Clement

Clement Avenue in downtown Kelowna, a section of which is shown in this file picture being widened last fall, could be extended to Highway 33 under one of the long-range transportation options to be considered by council on Monday.

A long-awaited alternative to Highway 97 through Kelowna could be funded by a 20 per cent boost to the city's transportation budget.

Other projects that could be realized through such an increase include a new pedestrian-and-cycling link between the Rail Trail and the Greenway, and improvements to Lakeshore Road and Glenmore Road.

But increasing annual transportation spending from $48 million currently to $58 million, on its own, would increase property taxes by four per cent and boost fees paid by homebuilders by six per cent.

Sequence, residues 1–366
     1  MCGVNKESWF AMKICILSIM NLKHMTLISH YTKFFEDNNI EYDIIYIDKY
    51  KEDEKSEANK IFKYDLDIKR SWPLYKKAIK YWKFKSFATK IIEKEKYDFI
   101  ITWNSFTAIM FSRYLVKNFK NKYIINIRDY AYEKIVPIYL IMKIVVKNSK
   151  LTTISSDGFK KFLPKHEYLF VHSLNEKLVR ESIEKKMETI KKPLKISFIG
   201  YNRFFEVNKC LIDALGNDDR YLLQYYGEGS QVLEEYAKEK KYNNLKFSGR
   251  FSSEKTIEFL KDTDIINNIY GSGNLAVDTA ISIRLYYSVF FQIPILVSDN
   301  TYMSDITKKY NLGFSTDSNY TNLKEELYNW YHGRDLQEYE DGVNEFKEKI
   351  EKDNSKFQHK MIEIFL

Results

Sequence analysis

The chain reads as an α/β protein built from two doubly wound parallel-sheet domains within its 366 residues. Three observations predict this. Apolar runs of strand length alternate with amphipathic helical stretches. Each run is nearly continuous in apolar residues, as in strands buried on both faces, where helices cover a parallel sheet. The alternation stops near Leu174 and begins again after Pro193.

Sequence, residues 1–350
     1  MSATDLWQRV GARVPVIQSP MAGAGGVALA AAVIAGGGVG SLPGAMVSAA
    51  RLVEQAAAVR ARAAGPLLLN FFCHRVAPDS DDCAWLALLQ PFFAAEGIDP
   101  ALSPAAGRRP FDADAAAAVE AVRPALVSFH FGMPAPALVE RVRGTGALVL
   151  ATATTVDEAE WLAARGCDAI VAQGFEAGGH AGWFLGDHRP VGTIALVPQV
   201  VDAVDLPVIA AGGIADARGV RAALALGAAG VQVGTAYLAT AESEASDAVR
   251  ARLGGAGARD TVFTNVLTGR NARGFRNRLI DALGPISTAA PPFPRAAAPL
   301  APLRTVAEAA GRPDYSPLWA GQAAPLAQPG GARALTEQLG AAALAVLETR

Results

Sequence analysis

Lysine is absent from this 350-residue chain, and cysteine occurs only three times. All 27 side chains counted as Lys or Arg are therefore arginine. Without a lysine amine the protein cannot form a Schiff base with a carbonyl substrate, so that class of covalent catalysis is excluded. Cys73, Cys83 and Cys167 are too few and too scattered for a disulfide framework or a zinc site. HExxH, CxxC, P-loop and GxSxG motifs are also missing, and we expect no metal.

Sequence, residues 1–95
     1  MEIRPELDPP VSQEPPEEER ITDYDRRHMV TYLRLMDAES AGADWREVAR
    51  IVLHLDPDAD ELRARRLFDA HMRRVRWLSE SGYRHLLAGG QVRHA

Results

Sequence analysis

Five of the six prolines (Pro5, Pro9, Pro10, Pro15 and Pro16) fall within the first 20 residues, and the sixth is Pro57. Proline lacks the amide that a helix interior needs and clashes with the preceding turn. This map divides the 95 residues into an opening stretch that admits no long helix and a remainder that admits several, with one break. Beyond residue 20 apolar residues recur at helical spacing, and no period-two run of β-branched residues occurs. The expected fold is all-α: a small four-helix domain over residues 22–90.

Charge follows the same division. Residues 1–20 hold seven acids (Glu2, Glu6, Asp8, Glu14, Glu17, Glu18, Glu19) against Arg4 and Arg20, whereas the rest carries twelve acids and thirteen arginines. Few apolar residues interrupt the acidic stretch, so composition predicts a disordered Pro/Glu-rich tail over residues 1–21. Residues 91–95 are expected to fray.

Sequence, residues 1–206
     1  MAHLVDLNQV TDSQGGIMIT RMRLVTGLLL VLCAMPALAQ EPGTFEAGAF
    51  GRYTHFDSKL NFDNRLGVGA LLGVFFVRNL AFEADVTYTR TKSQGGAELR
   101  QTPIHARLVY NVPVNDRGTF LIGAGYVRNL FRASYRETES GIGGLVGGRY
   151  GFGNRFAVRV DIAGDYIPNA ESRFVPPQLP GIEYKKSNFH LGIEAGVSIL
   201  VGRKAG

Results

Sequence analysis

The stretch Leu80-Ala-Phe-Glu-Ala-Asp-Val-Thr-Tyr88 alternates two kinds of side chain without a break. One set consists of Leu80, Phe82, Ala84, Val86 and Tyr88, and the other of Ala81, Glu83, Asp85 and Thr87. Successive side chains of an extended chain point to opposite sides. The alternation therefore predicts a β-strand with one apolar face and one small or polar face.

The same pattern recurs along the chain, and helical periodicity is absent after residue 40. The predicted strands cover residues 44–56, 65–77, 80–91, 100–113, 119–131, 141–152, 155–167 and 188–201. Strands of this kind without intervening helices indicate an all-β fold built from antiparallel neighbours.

Three different options for an updating of the city's 20-year transportation plan will be considered by council on Monday.

One choice envisions future transportation funding levels being similar to today with increases only for population growth. A second plan includes population-related increases, plus an additional funding of 20 per cent.

The most ambitious plan includes population-related increases plus a 60 per cent rise in funding, boosting annual transportation funding to $77 million. That plan would trigger a tax hike of 14 per cent and a whopping 90 per cent rise in fees paid to the city by developers.

City planners suggest council endorse the second option. "Scenario 2 does the best job at maximizing benefits while keeping costs reasonable," staff write in a report to council.

The extension of Clement Avenue from downtown Kelowna to Highway 33, and even beyond toward UBCO, has been a city objective for many years. Currently, Clement Avenue ends at Spall Road.

Last year, building Clement Avenue to Highway 33 was estimated by the city to cost at least $57 million.

The Okanagan Rail Trail and the Greenway are two popular long-distance recreation corridors, but there is currently no dedicated biking-and-pedestrian link between the two.